Put another way, private equity specifically (and private markets generally) opens the door to more direct ‘alpha’ through managers who not only identify attractive opportunities but also proactively extract value from portfolio companies.

In an era of more modest organic earnings growth prospects, management skill at enhancing shareholder value via operational improvements, strategic mergers, and capital management can augment shareholder returns.

Macro volatility and manager selection risks

One consequence of the global deflationary risks and the associated monetary policy responses of the 21st century so far has been a structural fall in volatility, especially in bond markets around the world. However, the transition from the disinflationary 1980s and 1990s to this more deflationary period of the past decade came with a period characterised by significant volatility in markets in the 2000s.

Looking ahead, as policy makers cease to fight the deflationary trends of the past decade and instead look ahead to structural inflationary tailwinds building, investors should be prepared for a normalisation of volatility to at least the level seen during the 1990s, if not higher in the transition period.

As regards declines in the private market segment over the past two decades, there have been substantial mark-to-market maximum drawdowns during this transition period of volatility, though in line with and at times smaller than comparable public market assets.

Thus, while private market assets have offered investors premium return profiles, they remain susceptible to global macro volatility and provide only relative shelter versus comparable public markets.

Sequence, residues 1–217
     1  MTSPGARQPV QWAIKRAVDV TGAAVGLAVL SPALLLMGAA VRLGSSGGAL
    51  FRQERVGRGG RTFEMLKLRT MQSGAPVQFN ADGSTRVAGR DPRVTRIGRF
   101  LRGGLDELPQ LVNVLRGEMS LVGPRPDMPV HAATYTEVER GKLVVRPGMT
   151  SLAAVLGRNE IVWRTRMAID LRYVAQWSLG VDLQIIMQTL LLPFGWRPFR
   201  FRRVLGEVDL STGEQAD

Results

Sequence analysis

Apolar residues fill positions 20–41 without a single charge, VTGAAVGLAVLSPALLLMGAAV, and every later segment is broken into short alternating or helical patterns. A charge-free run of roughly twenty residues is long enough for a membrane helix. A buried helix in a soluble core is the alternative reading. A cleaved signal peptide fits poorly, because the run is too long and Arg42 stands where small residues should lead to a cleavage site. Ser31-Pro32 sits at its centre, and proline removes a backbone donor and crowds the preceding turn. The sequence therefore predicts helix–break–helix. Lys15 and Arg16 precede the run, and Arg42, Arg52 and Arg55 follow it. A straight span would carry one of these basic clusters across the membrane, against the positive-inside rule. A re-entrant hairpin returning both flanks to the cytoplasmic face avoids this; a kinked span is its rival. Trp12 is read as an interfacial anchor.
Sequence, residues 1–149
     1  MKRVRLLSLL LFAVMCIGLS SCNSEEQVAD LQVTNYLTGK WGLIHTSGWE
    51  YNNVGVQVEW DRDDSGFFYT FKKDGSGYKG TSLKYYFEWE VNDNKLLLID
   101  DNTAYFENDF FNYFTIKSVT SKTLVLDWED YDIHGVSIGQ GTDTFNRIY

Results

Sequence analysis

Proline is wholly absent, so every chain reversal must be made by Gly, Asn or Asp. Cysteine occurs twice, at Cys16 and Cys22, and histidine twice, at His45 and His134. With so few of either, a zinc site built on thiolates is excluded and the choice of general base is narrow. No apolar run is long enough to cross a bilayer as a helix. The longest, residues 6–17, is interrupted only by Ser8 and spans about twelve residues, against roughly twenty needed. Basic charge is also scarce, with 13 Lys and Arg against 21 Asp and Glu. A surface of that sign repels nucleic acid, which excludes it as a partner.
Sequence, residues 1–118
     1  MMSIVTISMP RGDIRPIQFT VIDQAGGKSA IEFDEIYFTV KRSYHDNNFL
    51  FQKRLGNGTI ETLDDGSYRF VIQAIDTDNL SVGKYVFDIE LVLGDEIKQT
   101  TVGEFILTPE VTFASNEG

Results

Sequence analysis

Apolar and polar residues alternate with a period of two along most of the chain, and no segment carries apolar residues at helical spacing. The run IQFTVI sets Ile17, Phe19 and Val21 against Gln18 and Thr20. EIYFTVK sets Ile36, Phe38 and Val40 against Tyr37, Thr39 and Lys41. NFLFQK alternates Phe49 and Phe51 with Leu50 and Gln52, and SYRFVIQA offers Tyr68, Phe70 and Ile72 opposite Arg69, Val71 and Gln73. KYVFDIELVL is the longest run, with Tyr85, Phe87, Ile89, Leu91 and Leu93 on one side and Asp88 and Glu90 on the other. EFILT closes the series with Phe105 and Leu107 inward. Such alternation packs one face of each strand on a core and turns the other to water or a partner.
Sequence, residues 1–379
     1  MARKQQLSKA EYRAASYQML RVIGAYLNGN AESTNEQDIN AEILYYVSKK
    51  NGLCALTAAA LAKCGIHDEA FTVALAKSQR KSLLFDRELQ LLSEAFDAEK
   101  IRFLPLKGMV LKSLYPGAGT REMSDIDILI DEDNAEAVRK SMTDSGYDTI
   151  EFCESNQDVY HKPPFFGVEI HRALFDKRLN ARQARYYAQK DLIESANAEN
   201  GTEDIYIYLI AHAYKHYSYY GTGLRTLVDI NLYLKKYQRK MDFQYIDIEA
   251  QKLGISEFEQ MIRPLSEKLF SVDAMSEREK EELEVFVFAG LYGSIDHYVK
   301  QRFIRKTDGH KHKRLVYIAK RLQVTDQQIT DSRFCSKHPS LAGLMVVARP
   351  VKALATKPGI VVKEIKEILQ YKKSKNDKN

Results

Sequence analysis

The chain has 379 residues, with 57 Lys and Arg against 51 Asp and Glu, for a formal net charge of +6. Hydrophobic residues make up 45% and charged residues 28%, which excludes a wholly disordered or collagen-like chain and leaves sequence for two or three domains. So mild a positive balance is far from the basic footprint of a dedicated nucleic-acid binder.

Importance of manager selection

Public market investors in recent years have sought to eliminate the risks of underperformance associated with active management by increasingly allocating to passive strategies such as exchange-traded funds (ETFs).

In private markets, given their structure, such a passive approach is not possible, and this increases the importance of manager selection in identifying opportunities and implementing value-enhancing strategies for the benefit of limited partners.

Indeed, while index measures of private market performance generally demonstrate the illiquidity premia associated with the asset class, as with active public market investments, manager selection has the potential to result in meaningful deviation from such uninvestible index measures.

For example, Carlyle Analysis highlights a 1,000–2,500-bp differential between top-quartile and bottom-quartile buyout funds from 1998 to 2012. Moreover, bottom-quartile funds delivered returns in the period as much as 500–2,000 bps below buyout index level returns.

This compares to the historical 9–10% premium the global buyout index earned relative to global public market equities and the 300-bp premium expected today by private market specialist Carlyle Group. This dispersion highlights the importance of manager selection for securing illiquidity premia in the private market segment.

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Norman Villamin Norman Villamin
Chief Investment Officer (CIO) Wealth Management and Head of Asset Allocation